Garretson Blue Dragon Tales

March 2023

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Superintendent's News by Mr. Guy Johnson

Snow Days and Make Up Days

This winter has been one for the record books. I do not recall a time when we have had so many snow days. I have been asked by parents, students and staff if the district will make up all of the snow days. I’ll try to explain not only the district’s process, but also the requirements of the state with respect to the number of days that make up a “school year.”

The State of SD requires a certain number of hours for every school term. In grades 1-5, that minimum is 875 hours. In grades 6-12, the minimum is 962.5 hours of instructional time. Passing time, lunch, recess and all of those “non-instructional” time periods do not count towards this total. In our system, we are able to count 5.8 hours per day in the MS/HS and 5.6 hours per day in the elementary schools. There are some other particular rules associated with how schools are required to count instructional time, but the most important fact is that schools are required, by law to provide a certain number of instructional hours in a school year.

So far, in Garretson, we have missed a total of nine school days. On a “normal” year, we build two “snow days” in to the calendar that we do not make up. This year, due to an error, we had three days built into the system. With that being said, we would need to make up the remaining six days. Different school districts approach make up days in different ways. Some schools use any other days in the springtime that were planned to be “out of school,” and change the calendar to make them school days. In our district, we have chosen to add make up snow days to the end of the school year. Part of the reason to put those make up days on the end of the year is that we know that there are families who use those days off from school to take long weekend trips that are scheduled far in advance.

Ultimately, the decision to modify the school calendar rests with the school board. As long as we meet the minimum requirements for time, as laid out in the laws of SD, the school board could choose to require us to make up all of the days missed or only some of them. At this time, those days are added to the end of the calendar, and we will see how the rest of the school year plays out. In a typical year, March tends to be the month in which we get the most snow. I expect that the board will discuss the situation in March, and make a decision regarding the calendar at the April meeting. I am hopeful that March comes in and goes out more like a lamb.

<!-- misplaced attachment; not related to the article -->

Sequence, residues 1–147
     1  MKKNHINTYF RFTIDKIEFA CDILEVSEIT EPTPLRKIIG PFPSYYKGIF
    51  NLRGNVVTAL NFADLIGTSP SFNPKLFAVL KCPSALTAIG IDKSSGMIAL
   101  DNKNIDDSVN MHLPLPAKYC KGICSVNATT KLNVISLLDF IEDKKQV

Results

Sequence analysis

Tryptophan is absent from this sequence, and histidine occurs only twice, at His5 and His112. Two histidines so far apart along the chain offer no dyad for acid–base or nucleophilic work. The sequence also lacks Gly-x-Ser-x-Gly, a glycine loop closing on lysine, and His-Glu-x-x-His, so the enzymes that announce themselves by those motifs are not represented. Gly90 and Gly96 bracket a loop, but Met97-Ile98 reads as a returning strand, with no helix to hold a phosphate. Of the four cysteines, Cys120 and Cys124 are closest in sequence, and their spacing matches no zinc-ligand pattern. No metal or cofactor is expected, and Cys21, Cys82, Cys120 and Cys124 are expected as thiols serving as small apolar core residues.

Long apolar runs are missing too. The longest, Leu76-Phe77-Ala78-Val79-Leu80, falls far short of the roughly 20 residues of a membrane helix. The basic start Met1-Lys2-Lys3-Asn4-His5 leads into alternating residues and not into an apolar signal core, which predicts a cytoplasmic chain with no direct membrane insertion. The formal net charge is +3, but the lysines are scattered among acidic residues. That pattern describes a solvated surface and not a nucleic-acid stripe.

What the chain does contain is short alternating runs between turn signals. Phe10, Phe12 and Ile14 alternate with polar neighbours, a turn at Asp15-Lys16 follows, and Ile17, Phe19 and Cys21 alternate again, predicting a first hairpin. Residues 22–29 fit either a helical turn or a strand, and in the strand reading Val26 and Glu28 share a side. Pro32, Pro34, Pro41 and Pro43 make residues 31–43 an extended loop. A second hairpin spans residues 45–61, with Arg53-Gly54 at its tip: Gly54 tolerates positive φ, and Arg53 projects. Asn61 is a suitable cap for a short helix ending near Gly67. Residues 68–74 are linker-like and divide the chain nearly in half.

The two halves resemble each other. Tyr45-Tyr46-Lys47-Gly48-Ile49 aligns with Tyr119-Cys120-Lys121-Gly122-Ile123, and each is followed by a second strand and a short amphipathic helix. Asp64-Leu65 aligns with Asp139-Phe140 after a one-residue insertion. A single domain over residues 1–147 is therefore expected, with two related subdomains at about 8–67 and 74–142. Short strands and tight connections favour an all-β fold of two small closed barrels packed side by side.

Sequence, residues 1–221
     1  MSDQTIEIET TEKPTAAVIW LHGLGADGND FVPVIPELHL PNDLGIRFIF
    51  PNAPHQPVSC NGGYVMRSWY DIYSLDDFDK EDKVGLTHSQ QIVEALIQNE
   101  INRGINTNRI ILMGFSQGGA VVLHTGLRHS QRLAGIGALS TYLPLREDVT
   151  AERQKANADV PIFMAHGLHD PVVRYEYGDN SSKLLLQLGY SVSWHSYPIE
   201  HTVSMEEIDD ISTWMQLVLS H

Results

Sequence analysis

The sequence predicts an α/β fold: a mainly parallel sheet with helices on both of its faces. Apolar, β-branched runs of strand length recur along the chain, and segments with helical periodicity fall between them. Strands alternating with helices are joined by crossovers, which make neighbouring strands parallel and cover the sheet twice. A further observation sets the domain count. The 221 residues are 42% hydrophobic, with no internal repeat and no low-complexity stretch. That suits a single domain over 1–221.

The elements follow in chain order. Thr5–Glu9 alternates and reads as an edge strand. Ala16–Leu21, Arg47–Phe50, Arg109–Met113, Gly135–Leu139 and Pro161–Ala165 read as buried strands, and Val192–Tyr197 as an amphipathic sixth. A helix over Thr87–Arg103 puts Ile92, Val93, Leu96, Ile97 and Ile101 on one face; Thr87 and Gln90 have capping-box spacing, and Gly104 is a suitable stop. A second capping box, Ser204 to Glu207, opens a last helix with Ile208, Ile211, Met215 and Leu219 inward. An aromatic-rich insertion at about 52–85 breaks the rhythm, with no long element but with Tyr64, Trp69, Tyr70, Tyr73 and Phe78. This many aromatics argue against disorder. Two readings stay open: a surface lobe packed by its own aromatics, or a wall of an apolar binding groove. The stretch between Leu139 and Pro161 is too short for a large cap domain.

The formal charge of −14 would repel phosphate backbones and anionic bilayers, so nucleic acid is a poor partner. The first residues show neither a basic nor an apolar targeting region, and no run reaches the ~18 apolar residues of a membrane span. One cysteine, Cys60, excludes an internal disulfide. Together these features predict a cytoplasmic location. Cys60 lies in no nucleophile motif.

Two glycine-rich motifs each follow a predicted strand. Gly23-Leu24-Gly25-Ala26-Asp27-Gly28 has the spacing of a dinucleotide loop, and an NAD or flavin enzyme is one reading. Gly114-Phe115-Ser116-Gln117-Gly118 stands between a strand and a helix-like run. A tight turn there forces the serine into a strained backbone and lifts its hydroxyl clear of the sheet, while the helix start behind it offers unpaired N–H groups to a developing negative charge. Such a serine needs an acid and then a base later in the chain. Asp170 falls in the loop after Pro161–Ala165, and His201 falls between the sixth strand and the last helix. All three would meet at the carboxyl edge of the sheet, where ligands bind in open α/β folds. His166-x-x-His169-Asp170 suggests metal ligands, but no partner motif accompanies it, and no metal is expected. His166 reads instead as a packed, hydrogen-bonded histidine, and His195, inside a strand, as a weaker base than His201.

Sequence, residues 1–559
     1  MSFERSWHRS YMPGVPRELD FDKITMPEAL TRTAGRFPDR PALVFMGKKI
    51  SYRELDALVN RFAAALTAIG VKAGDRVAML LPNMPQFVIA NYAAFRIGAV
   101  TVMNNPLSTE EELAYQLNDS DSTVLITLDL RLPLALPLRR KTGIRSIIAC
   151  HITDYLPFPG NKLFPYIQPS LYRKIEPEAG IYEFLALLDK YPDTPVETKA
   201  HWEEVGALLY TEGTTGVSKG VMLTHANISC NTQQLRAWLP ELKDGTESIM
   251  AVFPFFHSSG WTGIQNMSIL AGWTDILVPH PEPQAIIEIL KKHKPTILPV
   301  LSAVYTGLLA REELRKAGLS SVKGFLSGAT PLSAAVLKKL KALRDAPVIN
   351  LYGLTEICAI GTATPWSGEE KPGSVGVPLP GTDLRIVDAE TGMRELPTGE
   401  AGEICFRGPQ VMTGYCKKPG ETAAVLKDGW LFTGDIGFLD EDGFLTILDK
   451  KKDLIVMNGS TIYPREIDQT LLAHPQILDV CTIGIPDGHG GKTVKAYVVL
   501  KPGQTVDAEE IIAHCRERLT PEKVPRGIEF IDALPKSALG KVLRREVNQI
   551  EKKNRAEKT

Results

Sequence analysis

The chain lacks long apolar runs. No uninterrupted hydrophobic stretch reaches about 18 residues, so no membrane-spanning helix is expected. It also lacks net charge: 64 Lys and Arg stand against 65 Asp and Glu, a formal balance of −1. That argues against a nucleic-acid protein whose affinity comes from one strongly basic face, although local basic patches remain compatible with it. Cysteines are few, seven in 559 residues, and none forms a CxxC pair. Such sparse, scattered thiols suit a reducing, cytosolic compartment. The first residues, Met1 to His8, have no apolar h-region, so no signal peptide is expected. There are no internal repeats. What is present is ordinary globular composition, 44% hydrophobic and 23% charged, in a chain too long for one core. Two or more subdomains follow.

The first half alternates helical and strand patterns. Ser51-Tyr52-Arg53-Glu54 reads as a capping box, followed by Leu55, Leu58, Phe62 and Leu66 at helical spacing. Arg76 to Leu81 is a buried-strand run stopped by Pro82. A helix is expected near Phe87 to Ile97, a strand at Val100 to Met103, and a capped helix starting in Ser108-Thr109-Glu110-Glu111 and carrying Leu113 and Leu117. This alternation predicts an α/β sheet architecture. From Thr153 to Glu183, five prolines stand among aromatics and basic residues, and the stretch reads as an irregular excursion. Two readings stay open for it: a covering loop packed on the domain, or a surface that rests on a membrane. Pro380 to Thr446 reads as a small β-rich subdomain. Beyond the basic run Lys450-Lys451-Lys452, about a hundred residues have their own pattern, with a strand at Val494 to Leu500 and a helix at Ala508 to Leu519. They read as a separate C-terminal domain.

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from Mr. Chris McGregor, MS/HS Principal

March is almost upon us and that means it will soon be testing season. From March 1 to May 5, students at GMS (grades 6-8) and GHS (grade 11) will be taking state assessments in English Language Arts, Mathematics, and Science. The assessments measure student achievement of our state’s standards in these areas and the score reports will provide information specifically in the following areas:

•English: Reading, writing, listening, and research

•Math: Concepts and procedures; problem-solving and modeling/data analysis; communicating reasoning

•Science: Physical science, life science, earth & space science

The assessments are given through an online computer application and are unique in the way they adapt to a student’s question responses. This is important as it provides questions that are appropriate for your child’s level of learning. As a result, each student has the same opportunity to succeed and maintain a positive attitude towards testing. These assessments are not timed and their grades will not be impacted by their performance. However, the assessment does serve as a way for the school to analyze how well we are helping students meet the standards.

There is no need for students to study in preparation for these assessments. We do, however, ask that students try their best and get plenty of rest the night before testing. It is important for students to come to school on test days.

This testing is very important for your child and also for the Garretson School District. Thank you for supporting your child and our school during this assessment period. Please contact us if you have any questions. We know that Garretson’s students will help us to understand the great strides our students have taken in meeting our school and state standards in learning.



•Starting in Kindergarten, too many absences can cause children to fall behind in school.

•Missing 10% (or about 18 days) can make it harder to learn to read.

•Students can still fall behind if they miss just a day or two every few weeks.

•Being late to school may lead to poor attendance.

•Absences can affect the whole classroom if the teacher has to slow down learning to help children catch up.

•Attending school regularly helps children feel better about school – and themselves.